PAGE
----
In research the old principle of publishing or perishing has long been replaced by the more quantitative performance metric of publishing in journals with a high impact factor. For example, in the case of the last paper on which I am a coauthor (today papers rarely have a single author, you could not keep up with ranking and funding if you would do that), we did not look which journal is the best fit for our paper.
Instead, we compiled a list of journals that would potentially publish our paper given its subject matter and the importance of its contribution to the advancement of science. Then we sorted the list by impact factor and submitted the manuscript to the New Journal of Physics, with impact factor 3.264. We are obviously very objective and our manuscript will go through a second round after revision, so we picked the correct journal.
Being at the end of my tour of duty as associate editor for a journal with impact factor 0.757, I am very aware of the current bad trend of shopping one's manuscript. In this trend a manuscript is submitted to a top tier journal like Nature (28.751) or Science (26.372) and then submitted again and again to journals with lower impact factor until it is no longer rejected.
Not only does this tax the system by requiring many unnecessary reviews (handling a rejected paper costs about $500, which are not offset by page charges and download fees), but it backfires when a reviewer gets the same manuscript though a different journal. In fact, a good associate editor will seek reviewers that are most familiar with the research described in the paper, so two different associate editors from two different journals will draw on the same small set of potential reviewers. The manuscript then gets rejected as a resubmission of an old manuscript.
It is important to understand that the impact factor is a relative quantity. For example, the Cancer Journal for Clinicians has an impact factor of 69.026, but this does not mean that at 0.757 my journal sucks. On the contrary, compared to other journals in the field it performs quite well. For example its sister journal from the same publisher has an impact factor of 0.455 and that of an other society comes out at 0.220. These journals tend not to publish many survey papers, which inflate the impact factor.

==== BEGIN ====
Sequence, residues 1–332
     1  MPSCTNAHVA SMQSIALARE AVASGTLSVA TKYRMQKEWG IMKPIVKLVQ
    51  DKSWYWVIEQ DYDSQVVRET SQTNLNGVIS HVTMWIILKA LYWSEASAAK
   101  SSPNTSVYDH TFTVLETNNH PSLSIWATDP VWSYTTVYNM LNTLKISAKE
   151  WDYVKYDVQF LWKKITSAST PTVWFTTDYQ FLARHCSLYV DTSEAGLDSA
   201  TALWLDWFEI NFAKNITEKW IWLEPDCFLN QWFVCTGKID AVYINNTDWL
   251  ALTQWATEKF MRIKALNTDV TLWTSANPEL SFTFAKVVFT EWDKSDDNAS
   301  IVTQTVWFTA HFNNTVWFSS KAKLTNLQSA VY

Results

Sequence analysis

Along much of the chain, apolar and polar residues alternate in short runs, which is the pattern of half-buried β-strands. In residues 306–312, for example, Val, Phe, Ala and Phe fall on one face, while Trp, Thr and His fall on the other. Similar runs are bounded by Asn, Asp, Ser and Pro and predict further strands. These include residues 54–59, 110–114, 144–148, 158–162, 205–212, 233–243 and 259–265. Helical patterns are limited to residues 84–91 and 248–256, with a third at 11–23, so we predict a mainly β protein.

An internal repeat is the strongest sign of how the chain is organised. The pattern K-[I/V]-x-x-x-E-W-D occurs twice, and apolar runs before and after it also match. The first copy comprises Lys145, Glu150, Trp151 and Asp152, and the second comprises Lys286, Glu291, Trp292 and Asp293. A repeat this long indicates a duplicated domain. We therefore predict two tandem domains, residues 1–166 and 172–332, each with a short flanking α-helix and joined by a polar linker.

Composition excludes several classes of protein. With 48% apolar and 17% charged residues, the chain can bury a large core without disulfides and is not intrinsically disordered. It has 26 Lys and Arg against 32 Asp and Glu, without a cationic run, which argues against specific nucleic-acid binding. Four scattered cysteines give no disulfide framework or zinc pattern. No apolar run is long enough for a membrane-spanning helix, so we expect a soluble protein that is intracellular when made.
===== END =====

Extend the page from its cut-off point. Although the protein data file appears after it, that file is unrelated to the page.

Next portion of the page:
Message 1: use the impact factor with a grain of salt.
As my wife says, even if you win the rat race, you are still just a rat. In reality, today you do not need an impact factor to make an impact. While we can dream of publishing in Science and winning the Nobel Prize (or the Judd Award for us color scientists), today we can shower our incremental knowledge onto humanity with publishing media like personal web sites and blogs. You are reading this post, proving it works!
Granted, it is very informal, but there are some easy steps up. The traditional better medium is the technical report, which can be freely downloaded from the institution's web site, like HPL-2008-109 in the case of my most recent collaboration with co-blogger Nathan Moroney.
For those who want to publish something more glossy, HP Labs is incubating MagCloud, which will satisfy all your vanity requirements. From this link your can order the same technical report, but this time printed on heavy glossy stock and laid out nicely in InDesign instead of LaTeX.
There is even a cloud service to publish the slides of your public presentations. For example, we wrote the above report in the Beamer class, which lays out the same content in a format suitable for overhead projectors (called beamers in German). You can then make available your slides on Slide Share, or even embed them in your blog, like so: http://www.slideshare.net/berettag/cognitive-aspects-of-color-presentation
Finally, since in these difficult economic times everybody is jumping on LinkedIn, you can use a LinkedIn application to post your slides directly on your profile page.
Message 2: use informal media to give impact to your research.